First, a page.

Fig. 1

Appearance on delayed arrival at our emergency department with X-ray imaging

Fig. 2

Immediate appearance after debridement on skin closure

Fig. 3

Seven weeks post-trauma after split-skin grafting

Fig. 4

Six months follow-up after compression therapy showing good functional and esthetic results

Discussion

A five-finger hand without an interdigital gap is important to achieve normal appearance of the upper extremity. Not only the esthetic aspect but also function is impaired following an amputated finger. A wide range of differing types of defects exist due to varying mechanism and duration of injury, shear forces, the mechanical stability of the soft tissue [1], and the characteristics of the ring or similar structure around the finger [2]. From simple partial circumferential skin brake down to complete deglovement injuries with or without bone and tendon lacerations/amputations, the available options to treat are discussed. Depending on the classification systems, the treatment approach varies and depends even on socio-cultural factors. The two most used classifications in ring avulsion and deglovement injuries are the modified Urbaniak and the Kay classifications, but several other classifications are also encountered in literature making direct comparison of the treatment results complicated. The fist classification of Urbaniak [3] is purely based on perfusion status. The modified Urbaniak classification by Nissenbaum adds injuries with isolated arterial disruption (a subdivision class IIA) [4]. Weil added an extra subclass with disruption of venous drainage [5]. The Kay [6] classification puts emphasis more on skeletal injury and the predictable functional results. Adiani [7] subdivided Class IV further in IVd, amputation distal to the insertion of the FDS tendon; IVp amputation proximal of the FDS tendon; and IVi, complete degloving injury with intact tendon (Fig. 4).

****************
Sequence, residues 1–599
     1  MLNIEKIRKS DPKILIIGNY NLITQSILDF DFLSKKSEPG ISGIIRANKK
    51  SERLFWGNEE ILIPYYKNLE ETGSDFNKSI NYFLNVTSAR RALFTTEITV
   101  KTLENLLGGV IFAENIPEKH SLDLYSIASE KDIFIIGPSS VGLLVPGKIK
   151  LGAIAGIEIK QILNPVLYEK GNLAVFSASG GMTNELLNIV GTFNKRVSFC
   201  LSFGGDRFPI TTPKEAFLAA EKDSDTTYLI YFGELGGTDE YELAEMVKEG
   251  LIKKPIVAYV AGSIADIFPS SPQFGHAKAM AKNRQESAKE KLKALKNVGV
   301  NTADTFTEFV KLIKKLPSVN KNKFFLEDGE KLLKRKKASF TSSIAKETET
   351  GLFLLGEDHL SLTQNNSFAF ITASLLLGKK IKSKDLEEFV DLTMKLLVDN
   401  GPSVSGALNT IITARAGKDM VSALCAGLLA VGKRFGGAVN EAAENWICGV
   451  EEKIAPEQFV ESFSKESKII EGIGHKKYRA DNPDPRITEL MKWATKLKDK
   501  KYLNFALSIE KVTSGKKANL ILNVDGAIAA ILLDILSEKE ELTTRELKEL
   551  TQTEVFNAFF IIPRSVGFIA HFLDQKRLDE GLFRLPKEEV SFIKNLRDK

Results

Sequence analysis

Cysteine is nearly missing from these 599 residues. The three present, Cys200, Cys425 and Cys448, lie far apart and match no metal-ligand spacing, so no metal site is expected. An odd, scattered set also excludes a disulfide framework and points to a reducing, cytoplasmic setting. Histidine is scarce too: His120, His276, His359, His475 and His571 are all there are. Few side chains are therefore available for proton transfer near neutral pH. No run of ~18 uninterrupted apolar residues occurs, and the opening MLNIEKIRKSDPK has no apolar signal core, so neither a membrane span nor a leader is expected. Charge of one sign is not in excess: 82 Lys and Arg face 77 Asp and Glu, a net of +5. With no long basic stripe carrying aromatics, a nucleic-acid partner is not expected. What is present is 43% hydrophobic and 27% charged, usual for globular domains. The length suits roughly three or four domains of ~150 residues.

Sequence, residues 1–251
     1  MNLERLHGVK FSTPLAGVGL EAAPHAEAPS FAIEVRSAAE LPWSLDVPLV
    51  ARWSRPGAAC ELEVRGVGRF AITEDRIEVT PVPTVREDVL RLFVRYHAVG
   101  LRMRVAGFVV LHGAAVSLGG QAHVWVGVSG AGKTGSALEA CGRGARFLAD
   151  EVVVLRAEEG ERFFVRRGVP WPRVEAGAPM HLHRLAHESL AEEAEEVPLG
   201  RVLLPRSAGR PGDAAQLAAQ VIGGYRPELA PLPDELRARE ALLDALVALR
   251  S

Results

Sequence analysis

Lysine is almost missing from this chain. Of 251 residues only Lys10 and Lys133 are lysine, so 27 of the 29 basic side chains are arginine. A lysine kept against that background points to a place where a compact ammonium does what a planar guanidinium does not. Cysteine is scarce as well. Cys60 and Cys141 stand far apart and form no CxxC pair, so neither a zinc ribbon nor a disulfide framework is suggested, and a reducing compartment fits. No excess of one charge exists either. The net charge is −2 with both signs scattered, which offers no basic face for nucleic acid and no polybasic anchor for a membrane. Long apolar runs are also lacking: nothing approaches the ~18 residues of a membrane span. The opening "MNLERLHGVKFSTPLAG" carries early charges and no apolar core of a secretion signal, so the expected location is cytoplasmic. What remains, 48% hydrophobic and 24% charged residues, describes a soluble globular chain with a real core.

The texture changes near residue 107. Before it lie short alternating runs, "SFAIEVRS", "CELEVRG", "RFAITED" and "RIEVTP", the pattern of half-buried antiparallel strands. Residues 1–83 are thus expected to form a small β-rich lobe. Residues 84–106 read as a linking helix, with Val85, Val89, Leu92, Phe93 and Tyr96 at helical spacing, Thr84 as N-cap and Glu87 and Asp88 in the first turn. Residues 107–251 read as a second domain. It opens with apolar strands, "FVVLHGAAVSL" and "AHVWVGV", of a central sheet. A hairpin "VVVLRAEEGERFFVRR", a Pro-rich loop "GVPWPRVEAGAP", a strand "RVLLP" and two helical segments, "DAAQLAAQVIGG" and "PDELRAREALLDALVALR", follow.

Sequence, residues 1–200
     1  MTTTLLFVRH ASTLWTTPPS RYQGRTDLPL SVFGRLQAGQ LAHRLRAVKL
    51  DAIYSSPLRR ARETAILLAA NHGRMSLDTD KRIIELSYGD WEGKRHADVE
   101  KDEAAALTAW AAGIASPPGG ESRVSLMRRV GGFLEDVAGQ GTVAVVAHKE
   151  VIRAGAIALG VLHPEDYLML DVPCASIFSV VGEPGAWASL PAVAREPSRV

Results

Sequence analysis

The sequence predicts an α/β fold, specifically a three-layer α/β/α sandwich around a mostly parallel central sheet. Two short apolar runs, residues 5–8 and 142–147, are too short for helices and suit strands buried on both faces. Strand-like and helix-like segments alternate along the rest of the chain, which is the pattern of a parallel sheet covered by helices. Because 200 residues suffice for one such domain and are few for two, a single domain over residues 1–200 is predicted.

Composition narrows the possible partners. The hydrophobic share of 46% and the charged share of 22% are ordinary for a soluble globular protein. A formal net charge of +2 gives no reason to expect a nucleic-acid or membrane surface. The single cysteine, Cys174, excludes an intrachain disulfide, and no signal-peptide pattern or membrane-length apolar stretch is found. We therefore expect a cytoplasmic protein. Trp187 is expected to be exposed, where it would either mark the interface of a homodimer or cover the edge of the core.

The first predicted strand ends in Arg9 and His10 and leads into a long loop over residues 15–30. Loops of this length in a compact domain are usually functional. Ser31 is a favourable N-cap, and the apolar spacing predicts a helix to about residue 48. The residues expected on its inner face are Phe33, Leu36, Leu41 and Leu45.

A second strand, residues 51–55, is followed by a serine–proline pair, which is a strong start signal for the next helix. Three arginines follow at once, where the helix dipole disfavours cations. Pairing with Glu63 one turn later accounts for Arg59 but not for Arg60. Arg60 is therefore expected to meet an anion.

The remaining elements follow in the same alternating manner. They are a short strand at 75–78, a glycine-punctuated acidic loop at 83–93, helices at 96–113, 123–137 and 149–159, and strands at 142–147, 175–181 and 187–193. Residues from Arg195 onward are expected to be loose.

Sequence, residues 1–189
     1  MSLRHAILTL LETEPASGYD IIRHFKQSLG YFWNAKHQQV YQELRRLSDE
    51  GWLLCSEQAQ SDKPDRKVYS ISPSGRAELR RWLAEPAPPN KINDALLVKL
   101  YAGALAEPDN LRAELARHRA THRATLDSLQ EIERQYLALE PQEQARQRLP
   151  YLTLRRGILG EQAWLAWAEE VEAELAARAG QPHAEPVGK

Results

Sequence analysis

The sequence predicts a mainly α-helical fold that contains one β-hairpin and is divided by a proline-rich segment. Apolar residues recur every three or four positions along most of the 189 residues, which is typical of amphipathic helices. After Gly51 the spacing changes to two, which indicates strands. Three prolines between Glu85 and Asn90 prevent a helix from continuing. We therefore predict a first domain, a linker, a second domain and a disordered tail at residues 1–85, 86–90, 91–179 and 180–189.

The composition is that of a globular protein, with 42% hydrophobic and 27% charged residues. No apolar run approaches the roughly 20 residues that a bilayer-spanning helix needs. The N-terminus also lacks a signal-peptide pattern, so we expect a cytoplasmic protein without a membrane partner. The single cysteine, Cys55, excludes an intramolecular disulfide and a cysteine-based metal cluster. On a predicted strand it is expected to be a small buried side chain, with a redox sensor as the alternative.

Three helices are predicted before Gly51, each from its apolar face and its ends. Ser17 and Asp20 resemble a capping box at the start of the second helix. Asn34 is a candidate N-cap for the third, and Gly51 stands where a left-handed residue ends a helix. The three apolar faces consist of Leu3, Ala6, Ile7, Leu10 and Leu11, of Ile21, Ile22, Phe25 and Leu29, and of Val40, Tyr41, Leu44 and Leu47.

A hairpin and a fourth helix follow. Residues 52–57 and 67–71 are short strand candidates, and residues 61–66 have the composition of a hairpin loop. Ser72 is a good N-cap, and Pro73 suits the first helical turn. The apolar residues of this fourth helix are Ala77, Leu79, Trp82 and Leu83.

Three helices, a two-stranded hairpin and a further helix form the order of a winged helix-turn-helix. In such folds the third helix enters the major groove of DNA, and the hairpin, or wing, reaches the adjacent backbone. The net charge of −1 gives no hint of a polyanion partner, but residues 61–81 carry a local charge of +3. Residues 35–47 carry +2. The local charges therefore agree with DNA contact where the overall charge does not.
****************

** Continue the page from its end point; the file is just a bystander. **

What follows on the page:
All different classifications treatment depend on the grade of injury which often demands a microsurgical approach to rescue amputated parts or to close defects which occur during trauma. From simple skin suturing or split-skin grafting to more complex procedures as local or distant pedicled flaps or microsurgical repair or even different sorts of amputation like ray resection, the list of options is wide. However, treatment with leeches has not gained much attention in this sort of injuries. Up to now, there are only 2 reports with a total number of 3 patients with a successful treatment of a ring avulsion using leeches in literature and a fourth case report with a similar lesion. The first successful report from 2001 stated a ring avulsion lesion of a ring finger with an intact radial artery and nerve with a near-complete division of the venous drainage and a Mallet deformity [8]. The author of that publication rated this trauma between Urbaniak class I and II or Kay class II. Treatment period with leeches was 5 days with leech replacement every 4 h, showing a drop in Hb 14.3 to 8.7 g/dl without further need for transfusion. Supportive antibiotics were administered. Thermoplastic mallet splinting was done for 6 weeks. Range of motion was normal at the level of MCP and proximal interphalangeal (PIP) joint. The second report stated two Class IIC injuries which were successfully treated with leech therapy [9]. The first patient underwent leech therapy initiated 3 days after trauma with a duration of 10 days showing a mild total drop of hemoglobin of 2 g/dl without need for further treatment. The outcome was rated excellent according to Strickland classification after a 17-month follow-up. Total digital range of motion was 150°. The second patient with a class IIC avulsion lesion underwent direct surgical exploration after trauma but refused further surgical treatment and underwent only leech therapy with supportive conservative treatment including as prophylactic antibiotics. Duration of leech therapy was 7 days with a minor drop in Hb of 1 g/dl. Clinical follow-up was 1 year with a total digital range of motion of 135°.